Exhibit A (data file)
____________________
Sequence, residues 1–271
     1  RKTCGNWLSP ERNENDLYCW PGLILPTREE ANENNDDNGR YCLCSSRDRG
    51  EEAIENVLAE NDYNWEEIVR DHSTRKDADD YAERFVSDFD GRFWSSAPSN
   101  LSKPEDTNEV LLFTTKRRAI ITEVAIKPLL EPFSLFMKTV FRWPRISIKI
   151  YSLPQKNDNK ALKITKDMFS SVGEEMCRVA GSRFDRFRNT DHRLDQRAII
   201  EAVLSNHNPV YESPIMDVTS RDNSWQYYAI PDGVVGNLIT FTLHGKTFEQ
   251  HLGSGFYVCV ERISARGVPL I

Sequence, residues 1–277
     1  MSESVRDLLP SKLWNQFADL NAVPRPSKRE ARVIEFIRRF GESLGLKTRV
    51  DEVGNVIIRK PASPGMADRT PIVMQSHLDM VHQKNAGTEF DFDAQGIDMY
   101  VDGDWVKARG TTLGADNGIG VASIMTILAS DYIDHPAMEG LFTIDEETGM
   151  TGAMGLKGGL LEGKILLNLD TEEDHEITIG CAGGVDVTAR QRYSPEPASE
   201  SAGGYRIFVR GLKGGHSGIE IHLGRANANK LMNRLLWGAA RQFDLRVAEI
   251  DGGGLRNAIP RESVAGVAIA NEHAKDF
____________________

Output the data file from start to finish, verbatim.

Sequence, residues 1–271
     1  RKTCGNWLSP ERNENDLYCW PGLILPTREE ANENNDDNGR YCLCSSRDRG
    51  EEAIENVLAE NDYNWEEIVR DHSTRKDADD YAERFVSDFD GRFWSSAPSN
   101  LSKPEDTNEV LLFTTKRRAI ITEVAIKPLL EPFSLFMKTV FRWPRISIKI
   151  YSLPQKNDNK ALKITKDMFS SVGEEMCRVA GSRFDRFRNT DHRLDQRAII
   201  EAVLSNHNPV YESPIMDVTS RDNSWQYYAI PDGVVGNLIT FTLHGKTFEQ
   251  HLGSGFYVCV ERISARGVPL I

Sequence, residues 1–277
     1  MSESVRDLLP SKLWNQFADL NAVPRPSKRE ARVIEFIRRF GESLGLKTRV
    51  DEVGNVIIRK PASPGMADRT PIVMQSHLDM VHQKNAGTEF DFDAQGIDMY
   101  VDGDWVKARG TTLGADNGIG VASIMTILAS DYIDHPAMEG LFTIDEETGM
   151  TGAMGLKGGL LEGKILLNLD TEEDHEITIG CAGGVDVTAR QRYSPEPASE
   201  SAGGYRIFVR GLKGGHSGIE IHLGRANANK LMNRLLWGAA RQFDLRVAEI
   251  DGGGLRNAIP RESVAGVAIA NEHAKDF